Your age is part of the email that you send the OTRS admins whose queue is restricted to just them. Your age is not told to anyone else. Period. It is to make sure you are legally allowed to enter into a contract, which is what the confidentially agreement is. Signing an agreement when you are not legally allowed to do so is, in it of itself, probably illegal depending on your jurisdiction (IANAL). --Majora (talk) 17:51, 13 May 2018 (UTC)[reply]
Thanks for the information. I'll assume the data is held indefinitely and available to any current and future OTRS admins for evermore. So if I told you I was older than 3 when I started editing - let's be honest that's fairly plausible - this would be good enough? Why not a statement that I am older than 16 (or 18)? Given what WMF has achieved in terms of holding personal data of this type, this seems like an outdated anomaly. zzuuzz (talk) 17:59, 13 May 2018 (UTC)[reply]
I'm not sure why they still ask for your age, when you don't need to explicitly say your age (other than signing the confidentiality agreement) for CU/OS access. I imagine you could just say that you are uncomfortable revealing your age, but will sign the agreement and confirm that you are over 16 years of age. – Ajraddatz (talk) 18:15, 13 May 2018 (UTC)[reply]
Huh. Well now that it has come up and I dug a little further it seems like my original opinion on why is wrong. The agreement is dictated by California law (says so right in it). But the State of California doesn't make a distinction between minors and adults when to comes to contract law (as far as I can find) except in three instances. This is where I say again that I'm not a lawyer and walk away before I dig myself a deeper hole. I'm sorry Zzuuzz, my original opinion appears to be wrong and I don't know why there is an age requirement or a necessity to provide it. --Majora (talk) 18:16, 13 May 2018 (UTC)[reply]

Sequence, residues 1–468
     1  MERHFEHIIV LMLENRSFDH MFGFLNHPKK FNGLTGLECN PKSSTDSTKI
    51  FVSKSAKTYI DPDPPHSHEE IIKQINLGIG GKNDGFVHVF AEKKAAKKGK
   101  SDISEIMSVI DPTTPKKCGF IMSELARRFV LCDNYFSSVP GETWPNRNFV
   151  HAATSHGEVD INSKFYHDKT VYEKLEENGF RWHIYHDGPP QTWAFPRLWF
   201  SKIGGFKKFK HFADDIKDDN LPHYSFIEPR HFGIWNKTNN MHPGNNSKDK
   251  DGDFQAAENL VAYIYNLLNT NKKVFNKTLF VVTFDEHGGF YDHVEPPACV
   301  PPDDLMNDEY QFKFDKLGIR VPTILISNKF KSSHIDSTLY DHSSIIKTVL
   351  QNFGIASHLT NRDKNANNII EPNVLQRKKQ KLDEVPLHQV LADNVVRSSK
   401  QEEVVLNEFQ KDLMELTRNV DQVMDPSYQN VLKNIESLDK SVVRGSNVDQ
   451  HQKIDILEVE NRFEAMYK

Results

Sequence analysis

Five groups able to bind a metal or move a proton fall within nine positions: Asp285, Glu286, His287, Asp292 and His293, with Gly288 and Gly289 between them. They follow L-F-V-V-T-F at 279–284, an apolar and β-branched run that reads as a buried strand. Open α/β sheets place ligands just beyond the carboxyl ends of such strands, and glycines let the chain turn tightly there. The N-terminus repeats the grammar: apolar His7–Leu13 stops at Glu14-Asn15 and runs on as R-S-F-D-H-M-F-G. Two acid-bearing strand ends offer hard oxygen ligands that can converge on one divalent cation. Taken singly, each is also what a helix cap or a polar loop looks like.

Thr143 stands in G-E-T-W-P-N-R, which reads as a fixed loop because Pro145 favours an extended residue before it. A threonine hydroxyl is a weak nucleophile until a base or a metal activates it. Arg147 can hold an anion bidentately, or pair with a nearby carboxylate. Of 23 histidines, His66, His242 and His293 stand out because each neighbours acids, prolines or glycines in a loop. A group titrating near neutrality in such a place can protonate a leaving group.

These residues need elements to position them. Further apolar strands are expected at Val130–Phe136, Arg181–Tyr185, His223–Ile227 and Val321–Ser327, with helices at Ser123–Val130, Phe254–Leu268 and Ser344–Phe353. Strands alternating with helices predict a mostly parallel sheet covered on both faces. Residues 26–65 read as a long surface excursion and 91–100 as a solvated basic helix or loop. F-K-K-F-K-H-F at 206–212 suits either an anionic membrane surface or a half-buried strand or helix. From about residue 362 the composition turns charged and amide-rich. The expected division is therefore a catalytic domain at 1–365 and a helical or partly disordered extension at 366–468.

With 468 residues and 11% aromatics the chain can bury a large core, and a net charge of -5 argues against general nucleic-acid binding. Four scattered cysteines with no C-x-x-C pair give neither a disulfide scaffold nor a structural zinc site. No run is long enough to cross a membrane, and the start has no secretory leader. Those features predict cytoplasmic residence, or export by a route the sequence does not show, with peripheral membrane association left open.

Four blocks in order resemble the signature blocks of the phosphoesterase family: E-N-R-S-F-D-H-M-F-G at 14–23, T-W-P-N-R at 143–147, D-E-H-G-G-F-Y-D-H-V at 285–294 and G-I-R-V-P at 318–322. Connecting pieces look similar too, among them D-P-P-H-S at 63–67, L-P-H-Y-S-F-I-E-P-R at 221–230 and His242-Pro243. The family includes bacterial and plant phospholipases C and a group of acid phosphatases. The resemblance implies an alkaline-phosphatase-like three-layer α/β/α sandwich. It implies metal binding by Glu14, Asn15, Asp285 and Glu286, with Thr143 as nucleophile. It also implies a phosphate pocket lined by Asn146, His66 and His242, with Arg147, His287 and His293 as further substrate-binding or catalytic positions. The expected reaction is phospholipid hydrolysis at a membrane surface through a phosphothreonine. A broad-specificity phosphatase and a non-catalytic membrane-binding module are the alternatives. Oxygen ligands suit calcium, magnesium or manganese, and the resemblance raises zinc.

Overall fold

In the past OTRS agents also had to provide a scan of their ID. And the thing is that some tickets have IDs of people giving permissions and such. It is quite fair that people getting access to those at least reveal the real name and age, even though currently it is possible to lie about both. --Base (talk) 18:49, 13 May 2018 (UTC)[reply]
Thankfully in the UK I legally can use whatever names I like (and I do), as long as it is not for fraudulent activity, so good luck with the real name thing. And in the past, WMF discontinued this requirement. WMF even (apparently) shredded the identification as soon as it was received. But retaining information for accountability (as opposed to a declaration of majority) suggests that it is potentially going to be disclosed. zzuuzz (talk) 19:34, 13 May 2018 (UTC)[reply]